All plans must cover a wide range of prescription drugs that people with Medicare take, including most drugs in certain protected classes,” like drugs to treat cancer or HIV/AIDs. Information about a plan’s list of covered drugs (called a “formulary”) isn’t included in this handbook because each plan has its own formulary. Many Medicare drug plans and Medicare health plans with drug coverage place drugs into different levels called “tiers” on their formularies. Drugs in each tier have a different cost. For example, a drug in a lower tier will generally cost you less than a drug in a higher tier.
Most Medicare drug plans (Medicare drug plans and Medicare Advantage Plans with prescription drug coverage) have their own list of what drugs are covered, called a formulary. Plans include both brand-name prescription drugs and generic drug coverage. The formulary includes at least 2 drugs in the most commonly prescribed categories and classes. This helps make sure that people with different medical conditions can get the prescription drugs they need. All Medicare drug plans generally must cover at least 2 drugs per drug category, but plans can choose which drugs covered by Part D they will offer.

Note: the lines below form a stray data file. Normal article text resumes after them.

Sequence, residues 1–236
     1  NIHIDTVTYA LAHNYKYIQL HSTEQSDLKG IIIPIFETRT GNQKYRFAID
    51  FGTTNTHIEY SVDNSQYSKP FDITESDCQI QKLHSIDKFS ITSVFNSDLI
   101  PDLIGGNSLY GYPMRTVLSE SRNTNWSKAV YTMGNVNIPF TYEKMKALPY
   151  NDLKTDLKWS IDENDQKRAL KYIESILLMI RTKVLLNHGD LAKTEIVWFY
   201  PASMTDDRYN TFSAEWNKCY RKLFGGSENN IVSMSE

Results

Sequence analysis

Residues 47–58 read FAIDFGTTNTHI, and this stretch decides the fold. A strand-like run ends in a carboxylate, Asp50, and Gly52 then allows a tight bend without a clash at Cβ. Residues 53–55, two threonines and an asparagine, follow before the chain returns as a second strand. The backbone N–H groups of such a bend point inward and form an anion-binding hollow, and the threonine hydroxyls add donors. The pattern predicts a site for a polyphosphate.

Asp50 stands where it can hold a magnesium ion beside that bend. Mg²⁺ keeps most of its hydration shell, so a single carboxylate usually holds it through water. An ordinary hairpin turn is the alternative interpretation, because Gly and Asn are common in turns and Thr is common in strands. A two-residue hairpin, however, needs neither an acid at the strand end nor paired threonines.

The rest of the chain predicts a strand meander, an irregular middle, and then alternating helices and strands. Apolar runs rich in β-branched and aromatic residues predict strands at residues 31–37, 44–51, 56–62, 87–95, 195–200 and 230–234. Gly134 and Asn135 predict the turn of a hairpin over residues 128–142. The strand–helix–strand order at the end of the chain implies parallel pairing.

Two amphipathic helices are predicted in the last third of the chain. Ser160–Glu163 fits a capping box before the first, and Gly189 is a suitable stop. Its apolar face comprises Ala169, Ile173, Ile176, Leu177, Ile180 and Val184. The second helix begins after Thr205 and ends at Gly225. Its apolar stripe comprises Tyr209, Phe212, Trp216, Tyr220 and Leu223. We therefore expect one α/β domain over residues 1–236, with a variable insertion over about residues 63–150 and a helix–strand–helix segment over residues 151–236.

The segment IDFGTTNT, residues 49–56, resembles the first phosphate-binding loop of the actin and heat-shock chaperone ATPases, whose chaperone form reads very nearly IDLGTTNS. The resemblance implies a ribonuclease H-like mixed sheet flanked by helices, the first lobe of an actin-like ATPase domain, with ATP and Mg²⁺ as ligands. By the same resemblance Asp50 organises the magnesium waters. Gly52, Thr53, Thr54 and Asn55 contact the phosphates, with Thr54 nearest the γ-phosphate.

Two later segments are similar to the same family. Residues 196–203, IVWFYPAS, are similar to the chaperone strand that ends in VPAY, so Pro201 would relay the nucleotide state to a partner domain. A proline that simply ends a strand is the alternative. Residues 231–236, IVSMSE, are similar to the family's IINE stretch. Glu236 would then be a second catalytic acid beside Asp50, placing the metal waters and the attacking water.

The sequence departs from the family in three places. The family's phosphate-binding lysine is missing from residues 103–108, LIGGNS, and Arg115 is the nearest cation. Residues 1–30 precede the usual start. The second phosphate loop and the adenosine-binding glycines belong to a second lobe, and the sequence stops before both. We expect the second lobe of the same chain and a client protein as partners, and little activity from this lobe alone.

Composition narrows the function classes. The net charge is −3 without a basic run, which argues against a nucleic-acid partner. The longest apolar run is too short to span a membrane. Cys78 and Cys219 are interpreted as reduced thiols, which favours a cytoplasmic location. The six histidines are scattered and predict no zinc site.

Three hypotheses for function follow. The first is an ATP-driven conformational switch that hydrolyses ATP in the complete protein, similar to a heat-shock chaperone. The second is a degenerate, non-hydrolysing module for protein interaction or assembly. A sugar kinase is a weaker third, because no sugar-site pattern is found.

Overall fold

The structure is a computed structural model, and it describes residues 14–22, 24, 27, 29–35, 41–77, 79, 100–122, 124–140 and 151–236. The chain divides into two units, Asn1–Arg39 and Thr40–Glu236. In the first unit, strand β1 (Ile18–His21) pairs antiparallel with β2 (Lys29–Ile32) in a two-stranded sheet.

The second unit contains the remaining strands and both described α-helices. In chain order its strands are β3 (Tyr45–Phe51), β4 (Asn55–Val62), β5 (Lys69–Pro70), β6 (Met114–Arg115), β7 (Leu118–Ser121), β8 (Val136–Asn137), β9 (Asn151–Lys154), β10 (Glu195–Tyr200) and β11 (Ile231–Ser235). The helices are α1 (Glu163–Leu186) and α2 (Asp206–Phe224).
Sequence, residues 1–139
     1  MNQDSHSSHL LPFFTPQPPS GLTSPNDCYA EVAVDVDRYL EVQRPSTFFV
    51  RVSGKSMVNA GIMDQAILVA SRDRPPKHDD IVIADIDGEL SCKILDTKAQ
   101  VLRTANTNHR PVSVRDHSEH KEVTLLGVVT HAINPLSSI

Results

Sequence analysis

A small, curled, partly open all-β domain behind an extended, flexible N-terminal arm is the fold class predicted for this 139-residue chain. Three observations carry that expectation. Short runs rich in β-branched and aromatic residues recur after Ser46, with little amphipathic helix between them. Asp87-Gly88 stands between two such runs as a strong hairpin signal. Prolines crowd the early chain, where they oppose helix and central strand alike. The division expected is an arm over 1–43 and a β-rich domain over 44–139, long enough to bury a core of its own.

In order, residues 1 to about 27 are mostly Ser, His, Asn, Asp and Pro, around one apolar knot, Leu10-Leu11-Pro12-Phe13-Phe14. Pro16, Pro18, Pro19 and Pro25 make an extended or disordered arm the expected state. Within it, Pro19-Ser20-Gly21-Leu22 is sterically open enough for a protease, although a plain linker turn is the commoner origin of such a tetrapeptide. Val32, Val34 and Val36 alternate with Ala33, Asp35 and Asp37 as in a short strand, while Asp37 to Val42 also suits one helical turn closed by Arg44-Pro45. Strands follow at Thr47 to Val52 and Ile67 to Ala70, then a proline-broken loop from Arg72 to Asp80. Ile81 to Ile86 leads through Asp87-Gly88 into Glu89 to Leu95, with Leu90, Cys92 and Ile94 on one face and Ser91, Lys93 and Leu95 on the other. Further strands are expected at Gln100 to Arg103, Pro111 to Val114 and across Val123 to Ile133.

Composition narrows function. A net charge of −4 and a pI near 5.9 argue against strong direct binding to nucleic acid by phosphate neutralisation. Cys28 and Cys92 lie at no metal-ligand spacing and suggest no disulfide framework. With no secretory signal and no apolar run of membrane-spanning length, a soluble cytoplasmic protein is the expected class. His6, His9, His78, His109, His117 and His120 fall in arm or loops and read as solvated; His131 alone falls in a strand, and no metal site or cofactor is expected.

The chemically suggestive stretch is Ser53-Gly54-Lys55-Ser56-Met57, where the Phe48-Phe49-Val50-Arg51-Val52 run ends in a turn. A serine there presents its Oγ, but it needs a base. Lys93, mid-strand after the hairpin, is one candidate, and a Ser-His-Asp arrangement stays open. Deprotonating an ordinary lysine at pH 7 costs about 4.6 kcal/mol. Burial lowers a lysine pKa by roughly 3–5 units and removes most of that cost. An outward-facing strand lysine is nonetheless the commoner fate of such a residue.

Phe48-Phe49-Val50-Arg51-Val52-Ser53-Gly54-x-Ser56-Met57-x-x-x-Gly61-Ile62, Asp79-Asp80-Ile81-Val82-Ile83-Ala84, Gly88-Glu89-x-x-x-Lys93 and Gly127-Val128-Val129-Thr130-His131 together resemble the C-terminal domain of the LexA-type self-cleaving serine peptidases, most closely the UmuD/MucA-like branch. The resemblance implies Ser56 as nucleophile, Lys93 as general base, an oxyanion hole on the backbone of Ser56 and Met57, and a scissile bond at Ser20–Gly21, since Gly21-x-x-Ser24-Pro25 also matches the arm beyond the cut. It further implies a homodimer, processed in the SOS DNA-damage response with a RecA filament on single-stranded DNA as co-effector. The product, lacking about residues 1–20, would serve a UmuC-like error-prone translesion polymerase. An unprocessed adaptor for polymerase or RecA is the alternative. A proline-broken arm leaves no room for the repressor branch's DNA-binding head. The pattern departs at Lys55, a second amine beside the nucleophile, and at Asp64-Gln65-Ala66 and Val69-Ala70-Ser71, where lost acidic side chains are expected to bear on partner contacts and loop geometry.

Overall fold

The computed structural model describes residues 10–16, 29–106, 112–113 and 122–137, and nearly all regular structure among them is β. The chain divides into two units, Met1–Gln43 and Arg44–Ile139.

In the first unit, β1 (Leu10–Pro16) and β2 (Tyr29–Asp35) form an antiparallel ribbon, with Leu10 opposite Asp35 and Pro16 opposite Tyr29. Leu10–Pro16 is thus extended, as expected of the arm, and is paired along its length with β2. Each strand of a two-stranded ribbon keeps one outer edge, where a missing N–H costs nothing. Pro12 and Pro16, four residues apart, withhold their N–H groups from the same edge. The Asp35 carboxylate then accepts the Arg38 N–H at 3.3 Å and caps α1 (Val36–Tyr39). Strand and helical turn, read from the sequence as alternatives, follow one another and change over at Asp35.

The formulary might not include your specific drug. However, in most cases, a similar drug should be available. If you or your prescriber (your doctor or other health care provider who’s legally allowed to write prescriptions) believes none of the drugs on your plan’s formulary will work for your condition, you can ask for an exception.
To lower costs, many plans offering prescription drug coverage place drugs into different “tiers” on their formularies. Each plan can divide its tiers in different ways. Each tier costs a different amount. Generally, a drug in a lower tier will cost you less than a drug in a higher tier.
Here's an example of a Medicare drug plan's tiers (your plan’s tiers may be different):
In some cases, if your drug is in a higher tier and your prescriber (your doctor or other health care provider who’s legally allowed to write prescriptions) thinks you need that drug instead of a similar drug in a lower tier, you or your prescriber can ask your plan for an exception to get a lower coinsurance or copayment for the drug in the higher tier. Plans can change their formularies at any time. Your plan may notify you of any formulary changes that affect drugs you’re taking.
The Food and Drug Administration (FDA) says generic drugs are copies of brand-name drugs and are the same as those brand-name drugs in:
Generic drugs use the same active ingredients as brand-name prescription drugs. Generic drug makers must prove to the FDA that their product works the same way as the brand-name prescription drug. In some cases, there may not be a generic drug the same as the brand-name drug you take, but there may be another generic drug that will work as well for you. Talk to your doctor or other prescriber about your generic drug coverage